Monday, September 26, 2011

Feast from the Fields 2011

What an amazing night. Last weekend I cooked for a fund raising dinner for 250 people at an urban charter high school with an organic farm. Most of the ingredients traveled only a few feet to arrive in the kitchen including the pig, the chicken, and nearly all of the vegetables. The honey, peaches and cheese were from other nearby farms, and only the oil, butter, flour, sugar, pasta and spices were purchased from afar. 
Another local chef, myself, and many students, teachers and kitchen staff from Common Ground High School cooked and served up this fabulous dinner. A wonderful accomplishment, a great learning experience for the students, and a real gift to the community in so many ways. The meal, the silent auction and live auction raised $40,000 for the school.

Unfortunately I do not posses the skill to cook, coordinate a meal like this AND photograph it, so the true essence of the night: enthusiastic, capable teenagers representing the diversity of our little city, cooking, cleaning, working, learning, serving, eating, and growing was not captured in photos. Jason Sobosinski from Caseus restaurant and "The Big Cheese" Food Network Show and I planned and cooked the meal. It was a fun mash-up of our two styles, and in the end it worked wonderfully. The unbelievably hard working coordinator of the event, Joel Tolman is a colleague and friend of mine: thoughtful, smart, collaborative, and an incredible force. Shannon, the new farmer for the school is working wonders with the land and supplied us with an abundance of food: cucumbers, beets, red onions, winter squash, salad greens, kale, chard, herbs, garlic, a 165 pound pig, and more than a dozen chickens.  And a big thank you goes out to Rhonda, Thea and Theresa, the Common Ground Cooks and all the students who helped to prep hundreds of pounds of produce from the farm and wash lots and lots of dishes!!!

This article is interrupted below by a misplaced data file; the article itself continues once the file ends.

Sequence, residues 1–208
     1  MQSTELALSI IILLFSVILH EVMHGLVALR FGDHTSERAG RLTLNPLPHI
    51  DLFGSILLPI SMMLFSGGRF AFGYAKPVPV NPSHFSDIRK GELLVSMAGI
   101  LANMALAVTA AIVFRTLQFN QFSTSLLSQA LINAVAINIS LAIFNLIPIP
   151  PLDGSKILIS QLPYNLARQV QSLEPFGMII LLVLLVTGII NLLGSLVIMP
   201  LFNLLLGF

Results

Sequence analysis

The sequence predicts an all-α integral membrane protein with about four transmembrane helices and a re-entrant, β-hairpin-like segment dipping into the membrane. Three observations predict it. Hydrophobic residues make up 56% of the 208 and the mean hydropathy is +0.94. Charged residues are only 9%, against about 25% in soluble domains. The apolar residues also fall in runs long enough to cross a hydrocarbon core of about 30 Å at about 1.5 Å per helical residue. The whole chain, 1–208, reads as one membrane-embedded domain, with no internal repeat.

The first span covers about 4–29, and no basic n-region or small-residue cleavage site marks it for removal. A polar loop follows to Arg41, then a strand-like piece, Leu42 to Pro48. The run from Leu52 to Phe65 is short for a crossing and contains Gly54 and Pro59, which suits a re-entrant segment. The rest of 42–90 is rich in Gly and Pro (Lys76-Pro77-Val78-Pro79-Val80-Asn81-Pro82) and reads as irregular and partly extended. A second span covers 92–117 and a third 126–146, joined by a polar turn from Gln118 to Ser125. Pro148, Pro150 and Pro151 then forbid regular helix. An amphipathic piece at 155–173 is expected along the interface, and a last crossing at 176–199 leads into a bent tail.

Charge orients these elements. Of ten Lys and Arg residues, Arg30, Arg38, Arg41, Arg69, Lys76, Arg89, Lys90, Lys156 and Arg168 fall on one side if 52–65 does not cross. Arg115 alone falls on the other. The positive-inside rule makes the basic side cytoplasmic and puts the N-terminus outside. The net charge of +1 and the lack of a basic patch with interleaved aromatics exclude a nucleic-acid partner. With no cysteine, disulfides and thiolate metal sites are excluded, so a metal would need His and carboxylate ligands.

Here are some snippets of the food from the night:
Cider Brined Slow Roasted Whole Pig
Poblano Pepper Apple Sauce

Buttermilk-Marinated Common Ground Fried Chicken
Fresh Thyme and Lemon Zest   

Mac and Beaverbrook Farms Cow & Sheep Cheese

Garlic Braised Common Ground Kales & Chards 

Common Ground Quick Pickle Red Onion &          Cucumber Salad with Basil and Tarragon

Common Ground Arugula and Mixed Greens, Roasted Delicata and Candy Roaster Squash & Shredded Beets
Roasted Scallion and Ground Pepita dressing